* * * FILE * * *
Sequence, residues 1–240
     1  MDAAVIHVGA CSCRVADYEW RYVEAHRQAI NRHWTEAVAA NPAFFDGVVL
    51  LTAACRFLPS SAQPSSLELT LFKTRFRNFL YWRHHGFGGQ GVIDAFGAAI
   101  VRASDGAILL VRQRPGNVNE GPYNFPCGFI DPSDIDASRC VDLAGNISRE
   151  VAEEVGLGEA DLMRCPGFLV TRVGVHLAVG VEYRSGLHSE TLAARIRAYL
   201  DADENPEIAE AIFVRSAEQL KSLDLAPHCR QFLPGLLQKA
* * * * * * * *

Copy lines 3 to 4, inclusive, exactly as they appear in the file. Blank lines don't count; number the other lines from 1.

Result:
    51  LTAACRFLPS SAQPSSLELT LFKTRFRNFL YWRHHGFGGQ GVIDAFGAAI
   101  VRASDGAILL VRQRPGNVNE GPYNFPCGFI DPSDIDASRC VDLAGNISRE